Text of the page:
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By: Robin Hatch

The Ribbon of Sand

Pages: 222 Ratings: 5.0
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This is the story of an English girl who travels to Nigeria at the end of its colonial days to work as a shorthand typist in the government secretariat. She finds love with the African servant of an elderly bachelor expatriate who has created a business empire, which he bequeaths to her. The story follows the pleasures and problems this creates for her.
The author was born in 1938. After surviving a traumatic Second World War, various schools and National Service in Air Traffic Control, he began banking in West Africa, returning to banking in this country several years later when Nigeria descended into civil war. It was never knowingly his intention to become an author but writing fiction in its various forms seemed to come naturally when his career in banking was abruptly terminated by a complete mental breakdown. The result of this was being prematurely retired on a modest pension in 1984. As a bachelor in his late forties, he spent several months in hospital before going to live with his widowed mother where he continued the writing he had begun in the hospital.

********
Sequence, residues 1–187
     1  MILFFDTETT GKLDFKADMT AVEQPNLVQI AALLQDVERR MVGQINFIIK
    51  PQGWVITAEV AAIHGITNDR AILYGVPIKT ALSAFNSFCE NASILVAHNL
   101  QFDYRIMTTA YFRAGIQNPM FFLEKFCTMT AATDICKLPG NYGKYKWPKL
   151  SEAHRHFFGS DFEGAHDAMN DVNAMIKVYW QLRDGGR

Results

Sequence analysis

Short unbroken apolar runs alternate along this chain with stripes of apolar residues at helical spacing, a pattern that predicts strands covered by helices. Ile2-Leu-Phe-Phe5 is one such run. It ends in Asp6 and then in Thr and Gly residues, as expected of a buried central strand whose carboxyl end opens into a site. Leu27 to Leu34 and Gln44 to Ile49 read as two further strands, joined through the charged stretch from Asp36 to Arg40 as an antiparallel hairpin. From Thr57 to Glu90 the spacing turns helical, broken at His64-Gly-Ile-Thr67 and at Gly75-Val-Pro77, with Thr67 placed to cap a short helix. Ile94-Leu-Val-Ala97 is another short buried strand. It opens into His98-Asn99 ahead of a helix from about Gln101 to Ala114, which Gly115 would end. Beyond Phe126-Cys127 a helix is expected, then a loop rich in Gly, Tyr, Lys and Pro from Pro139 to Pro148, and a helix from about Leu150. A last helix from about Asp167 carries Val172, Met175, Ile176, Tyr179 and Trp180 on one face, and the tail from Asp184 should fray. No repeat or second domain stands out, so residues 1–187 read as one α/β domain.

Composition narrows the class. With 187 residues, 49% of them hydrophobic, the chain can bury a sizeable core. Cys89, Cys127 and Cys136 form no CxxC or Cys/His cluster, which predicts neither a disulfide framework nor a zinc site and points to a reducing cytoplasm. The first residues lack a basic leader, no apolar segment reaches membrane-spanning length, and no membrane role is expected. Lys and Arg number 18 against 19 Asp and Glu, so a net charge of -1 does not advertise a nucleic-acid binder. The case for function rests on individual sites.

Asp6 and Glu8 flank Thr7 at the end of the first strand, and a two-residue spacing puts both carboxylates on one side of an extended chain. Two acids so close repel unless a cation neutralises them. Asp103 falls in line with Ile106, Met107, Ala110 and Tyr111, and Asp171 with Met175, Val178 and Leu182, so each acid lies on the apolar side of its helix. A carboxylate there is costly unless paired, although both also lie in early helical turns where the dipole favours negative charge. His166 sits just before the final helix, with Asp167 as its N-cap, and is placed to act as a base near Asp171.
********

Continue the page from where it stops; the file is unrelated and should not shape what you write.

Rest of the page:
Customer Reviews
5.0
1 reviews
1 reviews
  • Ivor R

    Out of the ordinary tale of life and love among the expatriate community in Lagos, Nigeria, before and after the country's independence in 1960. The story follows a young English girl through her love affair with the Nigerian servant of a very wealthy English businessman who owns a conglomerate company which itself owns companies in all regions of the country. It is because he is neutral that the disparate interests are held together.

    The author, who worked in Nigeria at the time, weaves a range of individual stories of people caught up in rapidly changing times with the eye for detail of someone who watched them at close quarters. The stories are clear cut, the people differentiated, and the pace does not slow, and the ending is unexpected.

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